File Name: computer hardware parts pictures and names .zip
Computer Diagram and Label; Diagram of a computer system unit and all the components.
- Parts of a Computer and Their Functions
- The central processing unit (CPU): Its components and functionality
- computer parts names and pictures pdf
Parts of a Computer and Their Functions
In this article, I discuss the central processing unit CPU , including its components and functionality. Many of the topics refer back to the first article, so be sure to read it if you haven't already. The CPU in modern computers is the embodiment of the "mill" in Babbage's difference engine. The term central processing unit originated way back in the mists of computer time when a single massive cabinet contained the circuitry required to interpret machine level program instructions and perform operations on the data supplied.
The central processing unit also completed all processing for any attached peripheral devices. Peripherals included printers, card readers, and early storage devices such as drum and disk drives. Modern peripheral devices have a significant amount of processing power themselves and off-load some processing tasks from the CPU. We retain the term CPU today, but now it refers to the processor package on a typical motherboard.
Figure 1 displays a standard Intel processor package. There is really nothing to see here other than the processor package itself.
The processor package is a chip containing the processor s sealed inside a metal container and mounted on a small printed circuit PC board. The package is simply dropped into place in the CPU socket on a motherboard and secured with a locking lever arrangement. A CPU cooler attaches to the processor package. There are several different physical sockets with specific numbers of contacts, so getting the correct package to fit the motherboard socket is essential if you build your own computers.
Let's look at the CPU in more detail. Figure 2 is a conceptual diagram of a hypothetical CPU so that you can visualize the components more easily. Suffice it to say that signals from the clock and the control unit are an integral part of every other component. This design does not look particularly simple, but the reality is even more complicated.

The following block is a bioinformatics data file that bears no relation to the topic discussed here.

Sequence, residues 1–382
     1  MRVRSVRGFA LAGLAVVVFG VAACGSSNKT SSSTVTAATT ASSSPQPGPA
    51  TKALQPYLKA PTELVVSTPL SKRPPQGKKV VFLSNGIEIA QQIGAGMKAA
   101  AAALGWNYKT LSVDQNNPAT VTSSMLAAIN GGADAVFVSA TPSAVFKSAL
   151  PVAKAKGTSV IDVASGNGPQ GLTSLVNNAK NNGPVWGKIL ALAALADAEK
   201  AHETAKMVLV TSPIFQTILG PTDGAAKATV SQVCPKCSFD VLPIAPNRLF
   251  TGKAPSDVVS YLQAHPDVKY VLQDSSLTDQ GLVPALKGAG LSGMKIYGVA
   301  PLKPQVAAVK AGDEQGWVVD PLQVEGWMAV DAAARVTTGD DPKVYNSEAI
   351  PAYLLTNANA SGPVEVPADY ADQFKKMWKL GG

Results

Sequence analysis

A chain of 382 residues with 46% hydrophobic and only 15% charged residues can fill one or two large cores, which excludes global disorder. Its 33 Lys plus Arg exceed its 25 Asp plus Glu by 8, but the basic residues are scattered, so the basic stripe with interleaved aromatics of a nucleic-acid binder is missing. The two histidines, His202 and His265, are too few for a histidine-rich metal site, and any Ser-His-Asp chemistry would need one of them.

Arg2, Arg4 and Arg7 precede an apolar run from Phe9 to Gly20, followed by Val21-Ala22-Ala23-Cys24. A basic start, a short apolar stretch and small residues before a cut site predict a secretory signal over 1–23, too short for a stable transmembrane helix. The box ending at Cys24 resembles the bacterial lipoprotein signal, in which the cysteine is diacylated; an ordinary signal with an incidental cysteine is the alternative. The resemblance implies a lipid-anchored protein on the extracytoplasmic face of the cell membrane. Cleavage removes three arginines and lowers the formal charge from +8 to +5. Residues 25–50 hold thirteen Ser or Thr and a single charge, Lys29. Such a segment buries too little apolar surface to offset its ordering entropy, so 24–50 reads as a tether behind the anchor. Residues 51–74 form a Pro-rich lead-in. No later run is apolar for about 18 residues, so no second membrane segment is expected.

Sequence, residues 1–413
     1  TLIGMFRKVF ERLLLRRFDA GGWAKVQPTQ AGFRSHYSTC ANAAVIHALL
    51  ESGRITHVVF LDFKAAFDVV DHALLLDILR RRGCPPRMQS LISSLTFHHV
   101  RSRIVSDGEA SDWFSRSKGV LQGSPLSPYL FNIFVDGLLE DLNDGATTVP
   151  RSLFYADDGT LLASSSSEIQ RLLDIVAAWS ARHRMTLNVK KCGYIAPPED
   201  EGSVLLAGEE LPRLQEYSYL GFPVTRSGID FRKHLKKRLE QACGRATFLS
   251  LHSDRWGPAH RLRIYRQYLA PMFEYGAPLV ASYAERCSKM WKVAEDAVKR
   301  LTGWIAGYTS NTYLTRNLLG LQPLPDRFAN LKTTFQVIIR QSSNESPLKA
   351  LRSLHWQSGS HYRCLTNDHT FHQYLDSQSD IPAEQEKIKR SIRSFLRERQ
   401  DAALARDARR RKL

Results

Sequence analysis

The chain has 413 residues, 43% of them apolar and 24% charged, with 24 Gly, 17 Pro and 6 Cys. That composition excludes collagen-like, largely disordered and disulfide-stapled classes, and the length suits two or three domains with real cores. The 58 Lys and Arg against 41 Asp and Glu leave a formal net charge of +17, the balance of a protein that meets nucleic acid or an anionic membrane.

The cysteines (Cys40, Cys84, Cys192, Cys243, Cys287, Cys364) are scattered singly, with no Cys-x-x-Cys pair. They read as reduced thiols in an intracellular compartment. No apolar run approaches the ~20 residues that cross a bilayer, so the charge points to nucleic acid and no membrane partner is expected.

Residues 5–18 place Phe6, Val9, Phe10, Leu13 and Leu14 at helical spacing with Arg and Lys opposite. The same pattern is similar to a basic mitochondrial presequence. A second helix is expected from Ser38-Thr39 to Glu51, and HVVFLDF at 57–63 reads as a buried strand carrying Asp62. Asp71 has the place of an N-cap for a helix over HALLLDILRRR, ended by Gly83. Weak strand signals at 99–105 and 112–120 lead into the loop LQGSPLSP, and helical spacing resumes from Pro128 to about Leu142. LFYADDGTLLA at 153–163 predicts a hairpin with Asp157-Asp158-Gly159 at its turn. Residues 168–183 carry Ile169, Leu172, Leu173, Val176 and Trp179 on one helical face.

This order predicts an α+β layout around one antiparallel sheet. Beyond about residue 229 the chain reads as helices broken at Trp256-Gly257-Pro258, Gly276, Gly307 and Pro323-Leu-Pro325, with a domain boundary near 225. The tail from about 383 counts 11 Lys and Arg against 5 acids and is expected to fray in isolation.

This figure is sufficient for our purposes without being overly complex. The arithmetic logic unit ALU performs the arithmetic and logical functions that are the work of the computer. The A and B registers hold the input data, and the accumulator receives the result of the operation. The instruction register contains the instruction that the ALU is to perform.
For example, when adding two numbers, one number is placed in the A register and the other in the B register. The ALU performs the addition and puts the result in the accumulator. If the operation is a logical one, the data to be compared is placed into the input registers.
The result of the comparison, a 1 or 0, is put in the accumulator. Whether this is a logical or arithmetic operation, the accumulator content is then placed into the cache location reserved by the program for the result.
There is another type of operation performed by the ALU. The result is an address in memory, and it is used to calculate a new location in memory to begin loading instructions. The result is placed into the instruction pointer register. The instruction pointer specifies the location in memory containing the next instruction to be executed by the CPU.
When the CPU completes the execution of the current instruction, the next instruction is loaded into the instruction register from the memory location pointed to by the instruction pointer.
After the instruction is loaded into the instruction register, the instruction register pointer is incremented by one instruction address. Modern CPUs have one or more layers of cache. The reasons for this are beyond the scope of this article, but I will explore it further in the next article.